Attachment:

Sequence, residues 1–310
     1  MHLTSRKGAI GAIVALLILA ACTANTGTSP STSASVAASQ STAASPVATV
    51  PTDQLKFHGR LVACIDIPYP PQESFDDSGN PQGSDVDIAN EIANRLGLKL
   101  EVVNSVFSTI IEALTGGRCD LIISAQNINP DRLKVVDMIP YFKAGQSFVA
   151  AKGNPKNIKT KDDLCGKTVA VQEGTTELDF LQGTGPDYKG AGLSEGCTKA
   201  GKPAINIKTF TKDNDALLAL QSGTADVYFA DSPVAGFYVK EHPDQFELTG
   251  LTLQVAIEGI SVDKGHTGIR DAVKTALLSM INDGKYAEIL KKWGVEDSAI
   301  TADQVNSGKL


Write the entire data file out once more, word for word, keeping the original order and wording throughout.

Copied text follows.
Sequence, residues 1–310
     1  MHLTSRKGAI GAIVALLILA ACTANTGTSP STSASVAASQ STAASPVATV
    51  PTDQLKFHGR LVACIDIPYP PQESFDDSGN PQGSDVDIAN EIANRLGLKL
   101  EVVNSVFSTI IEALTGGRCD LIISAQNINP DRLKVVDMIP YFKAGQSFVA
   151  AKGNPKNIKT KDDLCGKTVA VQEGTTELDF LQGTGPDYKG AGLSEGCTKA
   201  GKPAINIKTF TKDNDALLAL QSGTADVYFA DSPVAGFYVK EHPDQFELTG
   251  LTLQVAIEGI SVDKGHTGIR DAVKTALLSM INDGKYAEIL KKWGVEDSAI
   301  TADQVNSGKL